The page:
The FBI's Internet Crime Complaint Center warned enterprises of a growing trend of adversarial job applicants using stolen personal identifiable information, and potentially even deepfakes, to obtain work-from-home positions in IT, programming, data and software.
"Notably, some reported positions include access to customer PII, financial data, corporate IT databases and/or proprietary information," said the FBI alert.
The malicious job applications contain two alarming elements: Applicants are stealing identities to obtain video job interviews and in those interviews, it appears the video is being manipulated to conceal the applicant's identity. Video doesn't appear to match the sound — including when an applicant coughs or sneezes — and dialog appears to be run through some kind of voice changer, which the FBI says may be a deepfake.
In May, the FBI and Department of State warned that North Korean operatives were generating revenue for the Kim regime by obtaining remote posts in Western countries. The FBI did not link the two warnings.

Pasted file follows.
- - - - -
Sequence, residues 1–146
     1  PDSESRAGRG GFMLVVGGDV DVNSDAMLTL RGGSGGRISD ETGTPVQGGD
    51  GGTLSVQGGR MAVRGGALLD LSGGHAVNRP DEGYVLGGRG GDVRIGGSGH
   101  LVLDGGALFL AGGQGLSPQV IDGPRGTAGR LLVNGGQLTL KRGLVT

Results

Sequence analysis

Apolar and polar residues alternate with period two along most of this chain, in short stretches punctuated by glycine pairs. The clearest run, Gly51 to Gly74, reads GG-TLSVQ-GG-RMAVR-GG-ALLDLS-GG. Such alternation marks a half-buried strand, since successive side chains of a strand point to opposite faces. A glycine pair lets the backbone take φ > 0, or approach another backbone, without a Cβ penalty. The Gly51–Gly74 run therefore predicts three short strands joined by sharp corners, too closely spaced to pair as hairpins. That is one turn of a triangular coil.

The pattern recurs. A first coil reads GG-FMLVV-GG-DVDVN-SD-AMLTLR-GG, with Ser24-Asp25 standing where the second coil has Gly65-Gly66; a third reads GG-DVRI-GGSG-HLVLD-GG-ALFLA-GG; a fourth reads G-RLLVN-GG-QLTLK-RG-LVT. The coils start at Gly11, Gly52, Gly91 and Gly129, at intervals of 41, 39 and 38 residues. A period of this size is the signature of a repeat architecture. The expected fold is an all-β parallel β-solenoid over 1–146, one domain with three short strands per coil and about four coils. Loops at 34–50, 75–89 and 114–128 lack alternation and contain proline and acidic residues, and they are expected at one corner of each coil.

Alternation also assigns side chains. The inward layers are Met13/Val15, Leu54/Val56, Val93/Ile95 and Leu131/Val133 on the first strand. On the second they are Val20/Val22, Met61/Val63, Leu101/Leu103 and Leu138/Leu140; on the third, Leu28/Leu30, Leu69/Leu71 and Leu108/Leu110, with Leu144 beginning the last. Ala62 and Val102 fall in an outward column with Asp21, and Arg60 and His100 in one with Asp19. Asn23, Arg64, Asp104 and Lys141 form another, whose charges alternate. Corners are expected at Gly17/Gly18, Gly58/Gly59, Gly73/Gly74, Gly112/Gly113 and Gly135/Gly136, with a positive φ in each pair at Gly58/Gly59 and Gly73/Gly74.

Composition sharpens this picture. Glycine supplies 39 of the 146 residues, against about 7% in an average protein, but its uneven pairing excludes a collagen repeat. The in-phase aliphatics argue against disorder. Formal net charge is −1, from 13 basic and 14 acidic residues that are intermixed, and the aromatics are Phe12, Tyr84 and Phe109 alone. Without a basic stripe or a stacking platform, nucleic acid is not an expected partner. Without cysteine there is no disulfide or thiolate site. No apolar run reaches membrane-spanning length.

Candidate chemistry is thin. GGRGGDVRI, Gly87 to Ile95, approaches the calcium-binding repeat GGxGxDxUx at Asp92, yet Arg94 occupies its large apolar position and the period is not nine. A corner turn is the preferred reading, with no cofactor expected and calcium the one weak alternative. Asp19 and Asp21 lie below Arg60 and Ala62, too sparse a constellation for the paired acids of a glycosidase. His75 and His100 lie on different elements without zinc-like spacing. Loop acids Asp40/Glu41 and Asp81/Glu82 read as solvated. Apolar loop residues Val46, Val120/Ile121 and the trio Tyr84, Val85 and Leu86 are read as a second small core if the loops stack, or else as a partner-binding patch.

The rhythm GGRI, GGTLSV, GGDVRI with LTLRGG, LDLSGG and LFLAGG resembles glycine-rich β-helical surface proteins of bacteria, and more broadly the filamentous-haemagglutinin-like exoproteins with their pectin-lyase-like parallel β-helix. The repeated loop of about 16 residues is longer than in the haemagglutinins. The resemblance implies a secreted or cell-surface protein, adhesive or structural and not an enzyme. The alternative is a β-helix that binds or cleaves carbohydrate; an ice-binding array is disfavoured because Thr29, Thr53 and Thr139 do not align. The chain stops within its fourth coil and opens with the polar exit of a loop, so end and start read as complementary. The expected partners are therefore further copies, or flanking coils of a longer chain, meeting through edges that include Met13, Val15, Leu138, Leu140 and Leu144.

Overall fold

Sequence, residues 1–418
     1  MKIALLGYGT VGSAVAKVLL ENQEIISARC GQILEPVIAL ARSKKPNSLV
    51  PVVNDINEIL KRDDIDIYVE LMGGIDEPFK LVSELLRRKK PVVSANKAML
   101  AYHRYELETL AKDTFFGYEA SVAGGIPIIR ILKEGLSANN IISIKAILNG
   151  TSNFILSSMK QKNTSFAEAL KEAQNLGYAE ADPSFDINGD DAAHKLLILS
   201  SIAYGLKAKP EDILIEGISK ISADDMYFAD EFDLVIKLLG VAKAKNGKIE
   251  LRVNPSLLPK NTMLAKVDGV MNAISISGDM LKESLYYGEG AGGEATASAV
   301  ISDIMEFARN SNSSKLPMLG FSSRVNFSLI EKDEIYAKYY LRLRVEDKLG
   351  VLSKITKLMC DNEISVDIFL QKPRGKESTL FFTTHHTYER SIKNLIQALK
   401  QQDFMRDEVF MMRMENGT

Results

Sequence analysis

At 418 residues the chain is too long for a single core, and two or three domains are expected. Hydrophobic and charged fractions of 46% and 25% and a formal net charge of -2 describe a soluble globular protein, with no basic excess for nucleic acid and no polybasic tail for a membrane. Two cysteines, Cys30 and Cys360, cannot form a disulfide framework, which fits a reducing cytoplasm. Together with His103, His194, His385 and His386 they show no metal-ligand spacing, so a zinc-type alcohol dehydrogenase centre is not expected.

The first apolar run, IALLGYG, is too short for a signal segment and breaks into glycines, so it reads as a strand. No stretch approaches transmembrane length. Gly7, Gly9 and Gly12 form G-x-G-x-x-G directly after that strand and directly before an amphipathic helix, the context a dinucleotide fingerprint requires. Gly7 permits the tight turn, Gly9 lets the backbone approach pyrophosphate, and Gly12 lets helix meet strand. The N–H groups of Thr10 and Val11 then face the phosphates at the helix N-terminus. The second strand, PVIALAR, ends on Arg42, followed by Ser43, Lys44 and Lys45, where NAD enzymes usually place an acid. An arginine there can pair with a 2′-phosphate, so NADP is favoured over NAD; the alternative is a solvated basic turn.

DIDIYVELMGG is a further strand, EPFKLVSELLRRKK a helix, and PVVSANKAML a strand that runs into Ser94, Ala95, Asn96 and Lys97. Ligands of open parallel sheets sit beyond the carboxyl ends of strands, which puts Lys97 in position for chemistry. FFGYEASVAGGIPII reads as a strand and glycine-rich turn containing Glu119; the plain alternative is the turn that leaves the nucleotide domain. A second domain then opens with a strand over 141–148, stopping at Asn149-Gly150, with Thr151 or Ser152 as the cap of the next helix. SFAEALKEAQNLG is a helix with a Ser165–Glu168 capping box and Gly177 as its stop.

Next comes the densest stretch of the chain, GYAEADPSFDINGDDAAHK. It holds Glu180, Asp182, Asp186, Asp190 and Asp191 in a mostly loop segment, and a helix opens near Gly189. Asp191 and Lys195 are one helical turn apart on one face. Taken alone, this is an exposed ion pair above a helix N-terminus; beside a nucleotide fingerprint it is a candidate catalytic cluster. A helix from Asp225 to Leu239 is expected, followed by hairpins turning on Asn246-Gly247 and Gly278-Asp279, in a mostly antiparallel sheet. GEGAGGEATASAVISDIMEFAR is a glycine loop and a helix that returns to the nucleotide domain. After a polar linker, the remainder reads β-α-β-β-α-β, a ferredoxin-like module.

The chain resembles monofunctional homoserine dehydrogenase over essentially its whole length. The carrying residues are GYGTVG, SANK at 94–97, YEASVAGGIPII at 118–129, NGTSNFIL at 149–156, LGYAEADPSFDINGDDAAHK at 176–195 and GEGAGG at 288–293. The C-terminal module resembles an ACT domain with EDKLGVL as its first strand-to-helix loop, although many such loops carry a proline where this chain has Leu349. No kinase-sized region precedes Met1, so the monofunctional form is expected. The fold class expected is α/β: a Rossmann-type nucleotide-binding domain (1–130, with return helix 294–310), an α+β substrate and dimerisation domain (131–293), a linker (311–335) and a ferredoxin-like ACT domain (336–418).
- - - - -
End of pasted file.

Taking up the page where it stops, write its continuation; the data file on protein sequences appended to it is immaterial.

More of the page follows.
Joseph Blankenship, vice president and research director for security and risk at Forrester, told SC Media that while the deepfake element is most likely to generate headlines, job applicants engineering roles as insider threats using stolen personally identifiable information may be more insidious.
"If someone has managed to successfully imitate somebody with their PII and can answer questions about them, to me that says maybe the background check alone isn't going to be enough to positively identify somebody," he said.
Use of stolen identities is made much easier in the work-from-home era, where the entire lifespan of a job, from hiring to retirement, can be done without an in-person presence. Blankenship notes that he has hired five people during the pandemic whom he largely knows digitally.
"I have kind of joked with one of them that as I knew they were an avatar, not actually a real person," he said.
This is not an entirely new threat. It does, however, take a new spin on an old threat. China, for example, has planted agents at firms to steal intellectual property in the past. But, in those cases, jobs were office-based, and workers were not using stolen identities.
"This may necessitate that a CISO has to maybe get out of their comfort zone and go and work with the HR and recruiting teams, to help them understand the threat," he said. "We have to find ways to prove that the person is who they say they are."